As podcast host Joe Rogan deals with the backlash related to his use of the n-word and how he’s handled COVID-19 information on his show, Jon Stewart has again come to the podcaster’s defense, saying it’s not fair to criticize him so harshly.
“My point is, we all exist in this world and on this planet and there’s no question that there is egregious misinformation that’s purposeful and hateful and all those other things, and that being moderated is a credit to the platforms that run them, but this overreaction to Rogan? I think is a mistake. I really do,” the former Daily Show host said on the Feb. 3 episode of his Apple podcast The Problem With Jon Stewart.
“I think there are dishonest bad actors in the world and identifying those is so much more important to me,” Stewart said before going on to bring up Fox News and pointing out that “willful purveyors” of misinformation still exist.
In a follow-up episode on Feb. 10, Stewart sat down with Harvard professor Joan Donovan to further discuss misinformation and accountability and added how little pushback The New York Times received during their coverage of the Iraq war. The Times and other media outlets came under scrutiny after they perpetuated the Bush administration’s narrative that Saddam Hussein possessed weapons of mass destruction though said weapons were never found.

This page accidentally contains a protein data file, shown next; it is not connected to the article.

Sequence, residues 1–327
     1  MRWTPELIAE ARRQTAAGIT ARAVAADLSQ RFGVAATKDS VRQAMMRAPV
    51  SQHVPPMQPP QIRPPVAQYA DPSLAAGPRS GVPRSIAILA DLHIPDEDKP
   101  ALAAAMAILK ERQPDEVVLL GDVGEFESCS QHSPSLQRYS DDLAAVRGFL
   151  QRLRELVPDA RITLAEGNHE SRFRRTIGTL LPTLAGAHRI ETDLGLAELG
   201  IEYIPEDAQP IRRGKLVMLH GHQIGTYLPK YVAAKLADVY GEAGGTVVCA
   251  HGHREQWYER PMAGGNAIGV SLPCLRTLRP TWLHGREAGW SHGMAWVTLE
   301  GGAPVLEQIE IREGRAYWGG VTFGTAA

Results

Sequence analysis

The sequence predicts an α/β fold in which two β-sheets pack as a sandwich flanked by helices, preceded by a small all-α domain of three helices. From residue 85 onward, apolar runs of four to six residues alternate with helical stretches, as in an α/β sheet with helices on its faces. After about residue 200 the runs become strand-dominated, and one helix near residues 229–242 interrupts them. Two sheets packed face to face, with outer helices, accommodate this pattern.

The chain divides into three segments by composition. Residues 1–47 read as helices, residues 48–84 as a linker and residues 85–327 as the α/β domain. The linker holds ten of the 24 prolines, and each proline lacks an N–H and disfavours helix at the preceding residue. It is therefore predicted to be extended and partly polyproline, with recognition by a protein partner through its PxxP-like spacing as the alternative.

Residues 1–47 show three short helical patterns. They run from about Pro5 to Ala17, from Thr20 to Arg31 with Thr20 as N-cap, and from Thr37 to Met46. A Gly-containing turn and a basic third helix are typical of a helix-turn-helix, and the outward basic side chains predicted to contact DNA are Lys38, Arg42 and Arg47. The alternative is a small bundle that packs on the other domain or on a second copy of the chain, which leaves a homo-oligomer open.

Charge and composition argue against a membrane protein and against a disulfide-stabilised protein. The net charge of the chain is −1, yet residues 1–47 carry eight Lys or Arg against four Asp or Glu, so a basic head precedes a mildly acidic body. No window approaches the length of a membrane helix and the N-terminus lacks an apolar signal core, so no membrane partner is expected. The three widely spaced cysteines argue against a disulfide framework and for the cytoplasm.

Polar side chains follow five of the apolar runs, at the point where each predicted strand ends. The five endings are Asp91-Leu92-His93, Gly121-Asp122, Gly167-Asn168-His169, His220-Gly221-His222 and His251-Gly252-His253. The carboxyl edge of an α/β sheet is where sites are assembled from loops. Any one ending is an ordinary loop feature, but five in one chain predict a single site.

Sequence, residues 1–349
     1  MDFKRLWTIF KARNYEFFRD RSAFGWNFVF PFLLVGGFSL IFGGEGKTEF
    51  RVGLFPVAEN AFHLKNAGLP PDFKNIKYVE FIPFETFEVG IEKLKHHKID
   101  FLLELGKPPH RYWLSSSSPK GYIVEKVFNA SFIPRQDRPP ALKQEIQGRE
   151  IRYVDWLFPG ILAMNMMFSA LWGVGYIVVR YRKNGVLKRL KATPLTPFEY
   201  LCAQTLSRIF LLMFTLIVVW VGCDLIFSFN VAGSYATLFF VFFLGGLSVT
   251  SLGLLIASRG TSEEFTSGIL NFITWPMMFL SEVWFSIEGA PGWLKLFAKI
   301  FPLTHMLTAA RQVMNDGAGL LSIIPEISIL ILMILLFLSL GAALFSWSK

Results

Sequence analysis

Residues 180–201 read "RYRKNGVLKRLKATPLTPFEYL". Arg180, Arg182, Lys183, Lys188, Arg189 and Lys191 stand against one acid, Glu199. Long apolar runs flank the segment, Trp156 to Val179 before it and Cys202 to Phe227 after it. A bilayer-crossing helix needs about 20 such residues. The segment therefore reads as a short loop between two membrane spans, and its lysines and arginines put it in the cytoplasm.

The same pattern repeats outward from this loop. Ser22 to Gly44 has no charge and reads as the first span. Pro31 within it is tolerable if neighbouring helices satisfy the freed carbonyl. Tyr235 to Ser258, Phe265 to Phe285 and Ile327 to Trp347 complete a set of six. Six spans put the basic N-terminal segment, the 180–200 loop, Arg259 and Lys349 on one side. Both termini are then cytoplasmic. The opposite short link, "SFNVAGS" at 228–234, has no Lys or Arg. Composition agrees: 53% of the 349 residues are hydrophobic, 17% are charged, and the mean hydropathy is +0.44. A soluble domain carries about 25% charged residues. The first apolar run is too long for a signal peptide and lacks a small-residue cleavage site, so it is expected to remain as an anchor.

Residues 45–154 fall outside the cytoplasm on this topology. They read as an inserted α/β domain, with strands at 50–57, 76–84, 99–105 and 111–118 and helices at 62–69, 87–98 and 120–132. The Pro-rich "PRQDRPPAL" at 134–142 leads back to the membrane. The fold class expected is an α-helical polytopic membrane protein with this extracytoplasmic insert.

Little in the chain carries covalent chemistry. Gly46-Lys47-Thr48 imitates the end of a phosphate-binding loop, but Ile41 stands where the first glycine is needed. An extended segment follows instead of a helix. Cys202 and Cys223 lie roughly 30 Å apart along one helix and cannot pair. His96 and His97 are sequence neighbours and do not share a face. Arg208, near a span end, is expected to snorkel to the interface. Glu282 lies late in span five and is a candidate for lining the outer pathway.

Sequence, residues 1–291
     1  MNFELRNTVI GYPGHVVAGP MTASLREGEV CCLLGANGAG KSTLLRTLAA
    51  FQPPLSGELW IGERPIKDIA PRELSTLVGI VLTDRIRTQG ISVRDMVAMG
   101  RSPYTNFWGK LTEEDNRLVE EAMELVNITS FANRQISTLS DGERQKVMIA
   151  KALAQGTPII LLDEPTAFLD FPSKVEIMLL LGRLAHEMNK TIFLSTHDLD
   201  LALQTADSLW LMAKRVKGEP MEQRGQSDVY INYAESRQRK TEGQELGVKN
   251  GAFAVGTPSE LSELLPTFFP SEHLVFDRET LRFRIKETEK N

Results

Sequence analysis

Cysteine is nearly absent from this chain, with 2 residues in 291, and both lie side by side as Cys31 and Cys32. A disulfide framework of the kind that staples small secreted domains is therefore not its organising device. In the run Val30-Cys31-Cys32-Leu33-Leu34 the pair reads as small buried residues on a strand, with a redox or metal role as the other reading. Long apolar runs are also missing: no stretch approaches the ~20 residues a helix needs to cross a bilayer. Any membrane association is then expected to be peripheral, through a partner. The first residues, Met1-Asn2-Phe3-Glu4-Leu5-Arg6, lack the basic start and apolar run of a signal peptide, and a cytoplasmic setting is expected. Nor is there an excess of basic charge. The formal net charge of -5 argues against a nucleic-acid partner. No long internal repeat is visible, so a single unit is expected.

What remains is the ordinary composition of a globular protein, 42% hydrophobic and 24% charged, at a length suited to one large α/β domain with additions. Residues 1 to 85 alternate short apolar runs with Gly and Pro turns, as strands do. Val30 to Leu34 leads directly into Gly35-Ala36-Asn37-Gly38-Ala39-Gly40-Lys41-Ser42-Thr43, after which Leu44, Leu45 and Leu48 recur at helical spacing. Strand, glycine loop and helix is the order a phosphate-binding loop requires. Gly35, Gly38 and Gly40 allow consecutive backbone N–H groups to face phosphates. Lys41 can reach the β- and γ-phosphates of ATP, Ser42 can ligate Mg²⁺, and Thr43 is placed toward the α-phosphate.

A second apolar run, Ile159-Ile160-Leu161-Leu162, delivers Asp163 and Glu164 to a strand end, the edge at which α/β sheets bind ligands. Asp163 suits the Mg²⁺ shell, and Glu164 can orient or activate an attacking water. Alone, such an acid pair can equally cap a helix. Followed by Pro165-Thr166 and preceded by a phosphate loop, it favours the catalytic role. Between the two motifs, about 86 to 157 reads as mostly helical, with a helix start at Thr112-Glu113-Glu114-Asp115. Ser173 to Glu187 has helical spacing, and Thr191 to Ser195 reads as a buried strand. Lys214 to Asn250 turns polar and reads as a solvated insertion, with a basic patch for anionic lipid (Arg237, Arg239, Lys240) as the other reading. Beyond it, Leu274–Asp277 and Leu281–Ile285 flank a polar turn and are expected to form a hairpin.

“The New York Times, right, was a giant purveyor of misinformation, and disinformation,” Stewart said of the newspaper’s editorial department. “And that’s as vaunted a media organization as you can find, but there was no accountability for them.”
He said his point was that it remained unclear who gets to decide on who is entitled to a platform and who isn’t.
“But my point is, these are shifting sands,” Stewart said, “and I think I get concerned with, well, who gets to decide?”
Joe Rogan, who remains under scrutiny after a compilation video of him using the n-word on multiple occasions went viral, said on the latest episode of his podcast that the backlash he’s faced is a “political hit job.”
“In a lot of ways, this is a relief,” Rogan said. “That video had always been out there. This is a political hit job. They’re taking all this stuff I’ve ever said that’s wrong and smushing it all together. It’s good because it makes me address some stuff that I really wish wasn’t out there.”
The backlash had come as Rogan already faced scrutiny over how information regarding COVID-19 vaccines were handled on his show, scrutiny that caused Neil Young and Joni Mitchell to remove their musical catalogs from Spotify in protest. Rogan has issued two separate apology videos for each instance, the most recent apology additionally claiming his use of the n-word was partially taken out of context as a means to slander him.
Check out the full episode of The Problem With Jon Stewart above.